Mr Parks explained that his intention had been to ensure that issues should not be looked at in one context, but as a broader problem that was affecting the entire society. The recent attack on foreign nationals had to do with competition for scarce resources, especially access to job opportunities, and the influx of illegal migrants from Zimbabwe, Lesotho and Mozambique had worsened the situation.
The Chairperson wanted to know about the role that was played by COSATU in cases where there were exploited foreign nationals, as everyone in the country was protected against exploitative wages.
Mr Parks replied that this was often made complex by the fact that most illegal migrants were often desperate for any kind of job and were therefore less likely to report cases where they were given slave wages. COSATU was not as much concerned about the labelling of xenophobia than it was about the cases of violence within the country. The kind of violence that had been experienced in South Africa was a legacy of apartheid, and this was evident in service delivery protests, the treatment of women, the approach to driving and gang-violence. The country was clearly still suffering from the trauma of apartheid. The exploitation of cheap labour by employers was the manifestation of capitalism, where the priority was on profit rather than development. It was correct that countries like Angola, Namibia and Mozambique were booming economically, but this had not had an impact in terms of reducing the cases of extreme poverty and political instability. South Africa could not be used as a place to escape during crises in most of the African states, and this was where the AU, together with SADC, would need to play an important role in fostering democracy and political tolerance. It should be noted that this did not in any way imply that all the foreign nationals should be chased out of the country, but was a call on government to tighten the borders against illegal migrants.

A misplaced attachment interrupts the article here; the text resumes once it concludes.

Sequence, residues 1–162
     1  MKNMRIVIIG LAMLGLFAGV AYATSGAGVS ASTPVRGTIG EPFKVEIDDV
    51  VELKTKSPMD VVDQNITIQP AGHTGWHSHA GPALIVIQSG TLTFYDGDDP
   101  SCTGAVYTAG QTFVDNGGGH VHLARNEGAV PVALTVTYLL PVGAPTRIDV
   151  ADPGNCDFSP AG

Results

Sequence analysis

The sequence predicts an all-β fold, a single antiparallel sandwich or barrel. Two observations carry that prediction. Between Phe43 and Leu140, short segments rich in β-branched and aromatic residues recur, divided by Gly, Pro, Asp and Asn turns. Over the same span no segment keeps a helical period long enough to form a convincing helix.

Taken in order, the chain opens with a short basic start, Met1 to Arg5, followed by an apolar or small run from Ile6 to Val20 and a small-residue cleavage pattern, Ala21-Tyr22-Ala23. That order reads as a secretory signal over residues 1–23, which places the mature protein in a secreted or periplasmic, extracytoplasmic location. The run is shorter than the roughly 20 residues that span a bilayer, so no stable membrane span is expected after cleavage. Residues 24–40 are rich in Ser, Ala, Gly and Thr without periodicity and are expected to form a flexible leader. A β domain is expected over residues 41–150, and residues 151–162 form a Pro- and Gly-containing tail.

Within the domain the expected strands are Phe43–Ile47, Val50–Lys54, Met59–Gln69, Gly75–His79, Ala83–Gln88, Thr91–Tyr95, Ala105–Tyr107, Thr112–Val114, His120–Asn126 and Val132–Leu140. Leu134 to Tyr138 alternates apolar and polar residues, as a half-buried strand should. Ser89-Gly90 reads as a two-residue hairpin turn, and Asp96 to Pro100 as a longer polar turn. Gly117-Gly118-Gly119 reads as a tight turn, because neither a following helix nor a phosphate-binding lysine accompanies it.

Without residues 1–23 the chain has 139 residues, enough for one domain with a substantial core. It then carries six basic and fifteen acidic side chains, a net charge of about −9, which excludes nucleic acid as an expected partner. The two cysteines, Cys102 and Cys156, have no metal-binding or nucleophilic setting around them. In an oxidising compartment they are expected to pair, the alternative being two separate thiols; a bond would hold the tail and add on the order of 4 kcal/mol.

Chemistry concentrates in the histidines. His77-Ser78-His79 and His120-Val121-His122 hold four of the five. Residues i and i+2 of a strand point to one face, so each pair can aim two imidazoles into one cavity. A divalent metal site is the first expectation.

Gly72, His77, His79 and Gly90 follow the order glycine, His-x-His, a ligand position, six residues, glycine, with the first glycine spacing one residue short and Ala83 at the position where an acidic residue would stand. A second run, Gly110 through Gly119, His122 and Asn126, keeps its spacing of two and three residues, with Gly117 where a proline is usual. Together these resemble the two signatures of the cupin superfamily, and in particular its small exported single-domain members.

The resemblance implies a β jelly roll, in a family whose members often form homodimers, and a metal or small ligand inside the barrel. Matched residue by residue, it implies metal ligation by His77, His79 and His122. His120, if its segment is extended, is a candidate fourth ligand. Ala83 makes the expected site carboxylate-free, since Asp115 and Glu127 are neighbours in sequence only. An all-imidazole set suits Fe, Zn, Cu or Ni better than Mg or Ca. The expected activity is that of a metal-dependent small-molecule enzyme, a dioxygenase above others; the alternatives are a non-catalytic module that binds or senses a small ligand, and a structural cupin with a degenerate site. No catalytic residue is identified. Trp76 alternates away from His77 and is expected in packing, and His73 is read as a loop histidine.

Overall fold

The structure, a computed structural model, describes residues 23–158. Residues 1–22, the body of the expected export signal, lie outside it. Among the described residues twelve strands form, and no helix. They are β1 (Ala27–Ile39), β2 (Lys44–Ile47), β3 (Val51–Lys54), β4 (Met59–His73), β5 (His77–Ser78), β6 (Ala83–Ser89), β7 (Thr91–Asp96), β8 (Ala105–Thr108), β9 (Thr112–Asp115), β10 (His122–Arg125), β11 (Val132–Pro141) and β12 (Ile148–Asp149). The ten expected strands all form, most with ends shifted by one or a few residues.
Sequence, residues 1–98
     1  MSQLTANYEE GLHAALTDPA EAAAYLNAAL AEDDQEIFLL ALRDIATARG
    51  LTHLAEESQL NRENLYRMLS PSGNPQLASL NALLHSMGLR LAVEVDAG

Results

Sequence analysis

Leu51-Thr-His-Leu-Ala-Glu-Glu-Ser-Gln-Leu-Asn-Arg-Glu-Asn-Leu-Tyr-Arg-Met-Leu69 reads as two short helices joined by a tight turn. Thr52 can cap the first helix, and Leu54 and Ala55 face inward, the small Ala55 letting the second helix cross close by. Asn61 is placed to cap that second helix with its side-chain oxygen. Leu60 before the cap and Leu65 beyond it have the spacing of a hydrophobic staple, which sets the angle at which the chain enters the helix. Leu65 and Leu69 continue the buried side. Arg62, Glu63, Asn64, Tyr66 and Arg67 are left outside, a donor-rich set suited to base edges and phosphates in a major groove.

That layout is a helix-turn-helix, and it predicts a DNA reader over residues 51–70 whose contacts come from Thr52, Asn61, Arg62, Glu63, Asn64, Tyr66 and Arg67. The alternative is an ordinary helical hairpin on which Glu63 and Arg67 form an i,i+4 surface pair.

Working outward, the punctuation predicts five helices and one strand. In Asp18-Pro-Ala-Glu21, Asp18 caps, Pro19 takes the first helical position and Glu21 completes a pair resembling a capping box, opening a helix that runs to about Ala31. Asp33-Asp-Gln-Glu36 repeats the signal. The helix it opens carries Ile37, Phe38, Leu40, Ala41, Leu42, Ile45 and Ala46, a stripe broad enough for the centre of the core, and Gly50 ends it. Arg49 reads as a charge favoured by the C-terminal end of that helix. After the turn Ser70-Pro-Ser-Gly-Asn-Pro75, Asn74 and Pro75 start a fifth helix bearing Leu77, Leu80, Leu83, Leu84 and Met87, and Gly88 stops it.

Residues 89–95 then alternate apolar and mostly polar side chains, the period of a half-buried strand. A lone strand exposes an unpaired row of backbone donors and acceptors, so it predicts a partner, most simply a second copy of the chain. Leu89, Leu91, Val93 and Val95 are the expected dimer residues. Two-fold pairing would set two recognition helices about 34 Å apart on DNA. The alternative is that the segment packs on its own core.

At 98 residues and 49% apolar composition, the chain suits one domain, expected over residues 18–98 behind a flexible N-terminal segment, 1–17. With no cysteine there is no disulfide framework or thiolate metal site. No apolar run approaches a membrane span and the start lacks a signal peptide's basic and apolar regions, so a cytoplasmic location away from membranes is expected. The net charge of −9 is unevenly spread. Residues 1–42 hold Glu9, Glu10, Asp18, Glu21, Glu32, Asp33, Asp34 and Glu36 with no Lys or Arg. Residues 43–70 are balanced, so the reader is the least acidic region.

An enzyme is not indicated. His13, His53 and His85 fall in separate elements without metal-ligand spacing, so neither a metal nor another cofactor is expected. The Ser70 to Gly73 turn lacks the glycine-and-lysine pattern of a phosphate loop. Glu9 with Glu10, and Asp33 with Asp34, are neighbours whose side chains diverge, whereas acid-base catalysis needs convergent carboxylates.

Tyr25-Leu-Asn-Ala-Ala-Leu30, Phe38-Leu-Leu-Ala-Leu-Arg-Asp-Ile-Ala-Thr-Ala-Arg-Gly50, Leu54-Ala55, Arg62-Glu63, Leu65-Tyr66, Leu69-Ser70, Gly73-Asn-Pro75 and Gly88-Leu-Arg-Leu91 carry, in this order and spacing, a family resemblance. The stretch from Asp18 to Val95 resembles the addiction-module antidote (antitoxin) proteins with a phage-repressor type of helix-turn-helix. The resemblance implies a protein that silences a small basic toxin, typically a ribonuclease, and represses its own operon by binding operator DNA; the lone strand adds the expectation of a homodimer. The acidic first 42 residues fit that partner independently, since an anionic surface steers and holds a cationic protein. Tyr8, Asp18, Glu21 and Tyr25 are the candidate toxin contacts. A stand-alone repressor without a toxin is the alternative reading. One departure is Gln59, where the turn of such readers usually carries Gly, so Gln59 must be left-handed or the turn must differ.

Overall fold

Mr Parks said it was understandable that Members expressed frustration over the influx of illegal migrants. This was a matter to be resolved by the DHA, and it should be appreciated that there had been major improvements at Home Affairs in the processing of documentation for refugees and illegal migrants. The DoL needed to be harsh on those employers who were employing illegal migrants, as this was against the Constitution and had the potential to create animosity between South Africans and foreign nationals. There were many issues that were attracting migrants even from powerful countries like Nigeria to come to South Africa, and these included a vibrant democracy, a stable economy and respect for human rights. Mr Ramatlakane had been correct to point out that the two-tier labour system had contributed to the recent attacks on foreign nationals, and this was one of the loopholes that needed to be tightened through legislation. The neighbouring countries needed to assist South Africa in terms of dealing with their own challenges, like political instability and poverty, so that South Africa could be able to prioritise on its citizens in the fight against poverty, unemployment and inequality.
Ms Nkosazana Modiza, Research Officer, COSATU, said it was often difficult to protect foreign nationals against exploitative wages because they were not affiliated to a labour union. COSATU had referred to the incident as “xenophobia,” because this was what had been portrayed in the media and this had been to make it easier for the working class to understand the whole process.